Sheffield Film and Comic Con Review
Frank Short checked out Sheffield Film and Comic Con this weekend, with celebrity guests, talks, cosplay and of course, stalls upon stalls of merch.
I was glad to find that the quality has not dipped since it was first held last year. As is always advisable, I had an early-bird ticket and managed to get in before the midday rush. The staff were friendly and getting in was not much hassle at all, proving once more that Showmasters really know how to plan a large-scale event. Upon entering, I was instantly immersed in a bustling atmosphere and a buzzing community of fans gathered from all around the UK.
One of the most exciting things about any con is normally the celebrity guest list. Last year, Sheffield welcomed former Doctors Paul Mcgann (I got his autograph) and Sylvester McCoy, Lord of the Rings star John Rhys-Davies and Red Dwarf veterans Chris Barrie and Robert Llewellyn. The line-up this year wasn’t quite as extensive, but still had some pretty big names in the form of David Prowse, Colin Baker and Robert Englund; Darth Vader, the sixth Doctor and Freddie Krueger respectively.
As per usual, there were a number of free talks to go to throughout the day. I managed to catch Robert Englund’s Q & A session, and while I’m not personally a big horror fan I actually found it quite interesting. Englund was very warm and forthcoming with the many ‘Nightmare on Elm Street’ fans that had flocked to see him, providing insights such as how the effect on his character’s voice was achieved, what originally drew him to the role and his opinions on modern horror. I think it’s safe to say this session went down a treat, as when it was over the crowd went nuts.
You always see a wide range of cosplayers at these things (if the word cosplay baffles you, it’s basically fancy dress but with more of a performance element). There are the laid back ones who just buy an outfit and wear it proudly, but then there are the hard-core cossers who put a ridiculous yet commendable amount of effort into homemade get ups. You also get the cheaters who just happen to look uncannily like the person they’re dressing up as (I saw one guy who I swear was David Tennant’s twin brother). Notable characters attending on Sunday were the terrifying Freddy Krueger, the obligatory Stormtrooper and the ever popular Deadpool, all more than willing to stop and have their photo taken with visitors.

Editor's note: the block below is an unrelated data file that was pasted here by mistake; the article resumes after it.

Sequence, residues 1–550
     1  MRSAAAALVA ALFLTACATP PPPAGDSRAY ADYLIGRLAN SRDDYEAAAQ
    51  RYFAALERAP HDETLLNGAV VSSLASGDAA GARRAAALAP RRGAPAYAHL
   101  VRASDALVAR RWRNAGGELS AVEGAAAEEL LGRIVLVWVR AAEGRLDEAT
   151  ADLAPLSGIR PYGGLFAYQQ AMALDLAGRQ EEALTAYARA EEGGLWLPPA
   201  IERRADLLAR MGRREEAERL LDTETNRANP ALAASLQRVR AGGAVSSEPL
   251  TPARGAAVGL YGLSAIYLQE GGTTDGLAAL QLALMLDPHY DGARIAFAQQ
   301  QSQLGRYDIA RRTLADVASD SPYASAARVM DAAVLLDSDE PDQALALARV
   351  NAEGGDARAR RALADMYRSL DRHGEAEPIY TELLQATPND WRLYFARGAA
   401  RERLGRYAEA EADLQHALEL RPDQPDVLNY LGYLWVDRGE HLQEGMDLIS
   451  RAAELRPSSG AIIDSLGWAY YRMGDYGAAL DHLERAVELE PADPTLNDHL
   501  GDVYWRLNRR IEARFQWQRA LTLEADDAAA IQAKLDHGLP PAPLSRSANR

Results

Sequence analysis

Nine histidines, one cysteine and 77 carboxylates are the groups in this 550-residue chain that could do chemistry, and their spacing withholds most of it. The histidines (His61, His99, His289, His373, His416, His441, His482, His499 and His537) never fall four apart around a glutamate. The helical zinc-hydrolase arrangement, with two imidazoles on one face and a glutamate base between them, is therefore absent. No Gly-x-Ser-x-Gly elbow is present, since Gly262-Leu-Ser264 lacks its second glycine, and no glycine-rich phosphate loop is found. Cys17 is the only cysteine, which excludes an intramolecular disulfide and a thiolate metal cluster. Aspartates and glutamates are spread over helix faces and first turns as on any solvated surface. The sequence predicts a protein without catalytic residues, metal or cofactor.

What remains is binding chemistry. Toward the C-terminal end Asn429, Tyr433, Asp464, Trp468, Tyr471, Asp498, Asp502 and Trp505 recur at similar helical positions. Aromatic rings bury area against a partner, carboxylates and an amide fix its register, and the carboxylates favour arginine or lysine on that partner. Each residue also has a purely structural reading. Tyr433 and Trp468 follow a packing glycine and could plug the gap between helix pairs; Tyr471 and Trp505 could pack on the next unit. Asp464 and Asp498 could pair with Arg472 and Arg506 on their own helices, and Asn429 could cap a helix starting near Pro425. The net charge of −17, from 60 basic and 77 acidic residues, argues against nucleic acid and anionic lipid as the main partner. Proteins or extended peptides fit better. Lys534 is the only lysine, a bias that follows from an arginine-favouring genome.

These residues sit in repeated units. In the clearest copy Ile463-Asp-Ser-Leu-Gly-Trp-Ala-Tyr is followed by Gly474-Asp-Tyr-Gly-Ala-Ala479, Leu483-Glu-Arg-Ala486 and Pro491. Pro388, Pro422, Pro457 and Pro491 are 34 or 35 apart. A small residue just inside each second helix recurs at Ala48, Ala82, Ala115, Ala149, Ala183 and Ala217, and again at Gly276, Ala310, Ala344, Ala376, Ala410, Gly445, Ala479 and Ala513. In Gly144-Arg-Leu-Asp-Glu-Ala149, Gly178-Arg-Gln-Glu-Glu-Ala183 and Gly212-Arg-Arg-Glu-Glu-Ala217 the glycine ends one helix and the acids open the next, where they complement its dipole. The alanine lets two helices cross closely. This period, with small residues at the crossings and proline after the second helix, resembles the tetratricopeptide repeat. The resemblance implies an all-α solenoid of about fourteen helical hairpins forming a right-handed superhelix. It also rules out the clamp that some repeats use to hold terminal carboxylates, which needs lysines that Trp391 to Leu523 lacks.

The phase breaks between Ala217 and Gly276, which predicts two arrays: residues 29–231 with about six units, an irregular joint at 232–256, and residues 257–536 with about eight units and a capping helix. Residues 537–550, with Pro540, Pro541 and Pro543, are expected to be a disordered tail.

The cosplay community is particularly active at this convention, and this year a talk was once again given on the subject by a group of seasoned enthusiasts. This offered advice for beginners on aspects such as choosing a character, the best fabrics to use, how to effectively prepare for your role and various other hints and tips. I found it to be a bit more informative and helpful than last year’s talk, especially in terms of budgetary advice.
What really makse a con in my view are the stalls, and while Sheffield Comic Con may be smaller in scale than the likes of London or Manchester there is still a gallery of really cool stuff to browse. From rare comics, to artwork, to replica baterangs, the temptation to purchase all manner of appealing memorabilia to take up storage in your house is quite overwhelming. So much so that all day long I kept chanting in my head: ‘you have enough stuff Frank, you have enough stuff Frank’. I did however come to see the wisdom in my other half’s advice, namely that money is for spending, and proceeded to indulge myself.
Sheffield’s own Film and Comic Con offers a lot for hard-core fans and there’s also plenty to entertain the curious and inquisitive. It has proven a hit for the second year running and will be returning in 2016. If you’re local to the Steel City and have never given conventions a go, you need look no further than your own doorstep.
See www.sheffieldfilmandcomiccon.com for more.